uploads///Telecom T Mobile Q Equipment Revenue

Chart in Focus: T-Mobile’s Equipment Revenue Trends

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Sep. 8 2017, Updated 8:06 a.m. ET

T-Mobile’s equipment revenues in 2Q17

T-Mobile (TMUS) differentiates itself from its rivals as the nation’s Un-Carrier, perceived as a market disruptor with low-cost plans, no required service contracts, and spearheading handset financing and device-upgrade plans. T-Mobile reported equipment revenues of $2.5 billion in 2Q17, an increase of ~14.5% from $2.2 billion in 2Q16. These revenues also reflected an ~22.7% increase from $2.0 billion in 1Q17.

According to the company, this increase in equipment revenues is mostly due to higher average revenues per device sold, the purchase of leased devices at the end of their lease term, and SIM and upgrade revenues.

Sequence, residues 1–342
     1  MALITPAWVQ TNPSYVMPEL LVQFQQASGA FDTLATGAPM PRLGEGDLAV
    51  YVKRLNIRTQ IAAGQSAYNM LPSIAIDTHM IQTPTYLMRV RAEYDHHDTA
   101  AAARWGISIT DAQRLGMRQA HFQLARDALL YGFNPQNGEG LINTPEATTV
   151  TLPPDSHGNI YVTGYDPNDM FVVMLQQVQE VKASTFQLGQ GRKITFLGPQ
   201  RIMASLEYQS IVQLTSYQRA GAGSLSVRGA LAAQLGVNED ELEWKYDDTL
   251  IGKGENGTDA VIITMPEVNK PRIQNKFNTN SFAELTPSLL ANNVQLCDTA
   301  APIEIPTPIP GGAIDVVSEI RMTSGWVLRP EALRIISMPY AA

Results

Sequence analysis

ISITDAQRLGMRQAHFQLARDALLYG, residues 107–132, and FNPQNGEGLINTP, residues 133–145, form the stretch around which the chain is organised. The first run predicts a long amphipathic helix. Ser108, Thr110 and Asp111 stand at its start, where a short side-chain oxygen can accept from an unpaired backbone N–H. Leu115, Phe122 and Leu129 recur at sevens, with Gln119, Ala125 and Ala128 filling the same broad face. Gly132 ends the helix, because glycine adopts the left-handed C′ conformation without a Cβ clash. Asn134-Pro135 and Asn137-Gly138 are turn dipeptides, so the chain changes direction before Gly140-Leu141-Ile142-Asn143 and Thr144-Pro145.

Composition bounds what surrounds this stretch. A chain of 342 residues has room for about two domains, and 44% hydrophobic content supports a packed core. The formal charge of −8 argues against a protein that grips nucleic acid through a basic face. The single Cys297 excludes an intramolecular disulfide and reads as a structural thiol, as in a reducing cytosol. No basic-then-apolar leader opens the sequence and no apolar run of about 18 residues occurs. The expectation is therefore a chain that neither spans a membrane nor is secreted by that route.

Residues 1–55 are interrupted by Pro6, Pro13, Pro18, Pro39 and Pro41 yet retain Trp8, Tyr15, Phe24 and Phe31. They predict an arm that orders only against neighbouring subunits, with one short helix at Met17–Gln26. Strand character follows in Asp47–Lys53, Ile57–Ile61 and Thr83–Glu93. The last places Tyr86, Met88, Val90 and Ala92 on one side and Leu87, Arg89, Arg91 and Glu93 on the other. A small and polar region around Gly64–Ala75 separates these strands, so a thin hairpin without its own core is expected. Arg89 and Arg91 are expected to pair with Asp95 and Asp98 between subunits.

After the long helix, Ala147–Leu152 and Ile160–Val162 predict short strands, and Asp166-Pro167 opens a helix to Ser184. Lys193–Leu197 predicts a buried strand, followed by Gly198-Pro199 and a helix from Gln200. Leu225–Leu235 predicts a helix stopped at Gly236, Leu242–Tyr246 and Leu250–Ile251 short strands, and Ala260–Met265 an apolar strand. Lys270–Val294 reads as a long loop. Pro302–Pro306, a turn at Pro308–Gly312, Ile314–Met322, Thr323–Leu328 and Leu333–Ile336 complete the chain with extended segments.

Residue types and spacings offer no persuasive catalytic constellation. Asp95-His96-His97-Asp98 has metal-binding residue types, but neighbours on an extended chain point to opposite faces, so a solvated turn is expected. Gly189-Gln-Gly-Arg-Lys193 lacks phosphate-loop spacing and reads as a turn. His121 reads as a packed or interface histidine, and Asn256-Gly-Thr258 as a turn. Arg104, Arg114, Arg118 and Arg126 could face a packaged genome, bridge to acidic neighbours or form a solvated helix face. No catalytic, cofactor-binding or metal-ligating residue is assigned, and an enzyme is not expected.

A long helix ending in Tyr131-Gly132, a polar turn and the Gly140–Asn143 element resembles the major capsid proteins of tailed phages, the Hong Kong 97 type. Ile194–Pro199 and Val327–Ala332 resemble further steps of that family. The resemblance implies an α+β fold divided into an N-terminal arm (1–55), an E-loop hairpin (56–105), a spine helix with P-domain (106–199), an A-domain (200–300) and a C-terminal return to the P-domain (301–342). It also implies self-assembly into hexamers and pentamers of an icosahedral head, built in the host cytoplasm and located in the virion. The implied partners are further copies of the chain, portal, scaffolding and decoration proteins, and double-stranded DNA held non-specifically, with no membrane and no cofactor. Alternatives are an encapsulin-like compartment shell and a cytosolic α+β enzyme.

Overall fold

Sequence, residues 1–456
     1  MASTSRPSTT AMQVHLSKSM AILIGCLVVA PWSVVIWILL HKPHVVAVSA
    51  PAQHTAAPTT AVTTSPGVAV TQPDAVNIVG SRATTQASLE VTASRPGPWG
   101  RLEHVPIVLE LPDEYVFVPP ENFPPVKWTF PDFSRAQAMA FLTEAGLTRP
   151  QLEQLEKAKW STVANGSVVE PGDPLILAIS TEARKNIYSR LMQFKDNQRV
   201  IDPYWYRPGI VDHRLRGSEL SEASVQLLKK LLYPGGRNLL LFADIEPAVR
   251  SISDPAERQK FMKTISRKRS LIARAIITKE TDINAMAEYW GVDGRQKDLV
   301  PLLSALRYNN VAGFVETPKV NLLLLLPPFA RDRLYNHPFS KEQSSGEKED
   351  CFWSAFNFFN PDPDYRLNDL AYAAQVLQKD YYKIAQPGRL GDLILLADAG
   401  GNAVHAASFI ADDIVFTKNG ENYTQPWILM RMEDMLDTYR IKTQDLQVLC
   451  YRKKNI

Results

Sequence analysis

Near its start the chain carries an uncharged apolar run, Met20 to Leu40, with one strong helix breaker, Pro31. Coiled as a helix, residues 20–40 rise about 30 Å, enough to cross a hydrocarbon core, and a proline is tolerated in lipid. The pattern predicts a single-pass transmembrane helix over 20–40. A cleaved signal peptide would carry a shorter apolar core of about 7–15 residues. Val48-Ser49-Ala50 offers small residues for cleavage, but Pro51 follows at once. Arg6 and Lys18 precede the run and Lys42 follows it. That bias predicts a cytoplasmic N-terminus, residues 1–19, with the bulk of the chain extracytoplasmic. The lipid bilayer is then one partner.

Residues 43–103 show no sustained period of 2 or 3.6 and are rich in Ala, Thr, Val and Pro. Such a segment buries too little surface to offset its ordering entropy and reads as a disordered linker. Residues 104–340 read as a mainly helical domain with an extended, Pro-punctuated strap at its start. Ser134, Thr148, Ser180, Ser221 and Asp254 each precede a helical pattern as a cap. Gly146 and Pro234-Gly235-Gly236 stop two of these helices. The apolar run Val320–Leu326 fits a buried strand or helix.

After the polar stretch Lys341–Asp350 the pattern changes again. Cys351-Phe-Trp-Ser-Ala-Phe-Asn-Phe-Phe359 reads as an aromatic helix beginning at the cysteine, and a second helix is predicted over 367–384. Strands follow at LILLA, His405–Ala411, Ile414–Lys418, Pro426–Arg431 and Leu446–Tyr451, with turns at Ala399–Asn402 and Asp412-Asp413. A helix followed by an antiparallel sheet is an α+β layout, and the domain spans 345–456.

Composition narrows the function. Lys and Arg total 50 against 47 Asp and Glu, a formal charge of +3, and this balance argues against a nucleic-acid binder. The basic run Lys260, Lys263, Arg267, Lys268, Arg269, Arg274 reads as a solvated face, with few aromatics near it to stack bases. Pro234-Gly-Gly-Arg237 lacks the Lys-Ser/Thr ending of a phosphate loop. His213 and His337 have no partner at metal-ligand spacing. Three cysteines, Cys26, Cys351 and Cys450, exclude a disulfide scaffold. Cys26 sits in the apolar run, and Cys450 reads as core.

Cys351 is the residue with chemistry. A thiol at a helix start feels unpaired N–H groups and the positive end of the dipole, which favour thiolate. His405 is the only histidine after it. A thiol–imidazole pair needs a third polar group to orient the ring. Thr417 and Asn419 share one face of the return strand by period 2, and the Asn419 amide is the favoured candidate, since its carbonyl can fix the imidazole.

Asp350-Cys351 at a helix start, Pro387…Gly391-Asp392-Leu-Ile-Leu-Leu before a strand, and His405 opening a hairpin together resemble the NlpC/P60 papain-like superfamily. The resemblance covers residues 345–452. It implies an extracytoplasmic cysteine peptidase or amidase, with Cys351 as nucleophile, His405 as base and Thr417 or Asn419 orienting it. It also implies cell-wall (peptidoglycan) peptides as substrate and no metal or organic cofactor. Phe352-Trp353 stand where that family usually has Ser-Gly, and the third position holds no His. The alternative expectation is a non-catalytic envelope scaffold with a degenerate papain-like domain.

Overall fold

T-Mobile’s renewed focus on its equipment installment plans (or EIP) resulted in higher equipment revenues. In installment plans, customers pay for their devices on a monthly basis.

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T-Mobile’s postpaid device upgrade rate

T-Mobile’s equipment revenues in 2Q17 were composed of lease revenues of $0.2 billion and non-lease revenues of $2.3 billion. Unlike T-Mobile and Sprint (S), Verizon (VZ) and AT&T (T) do not offer device leasing plans. In 2Q17, the device upgrade rate for the retail postpaid base was ~7.0%, up from 6.0% in 2Q16, and it remained consistent with 1Q17.

Let’s look at the growth in wireless equipment revenues of the other major US wireless carriers in 2Q17. Verizon’s wireless equipment revenues rose ~16.0% year-over-year (or YoY) to reach ~$4.3 billion. 

AT&T’s wireless equipment revenues from its domestic operations fell ~1.0% YoY to ~$3.0 billion in 2Q17. During the same quarter, Sprint’s wireless equipment revenues rose ~39.4% YoY to reach $2.1 billion.

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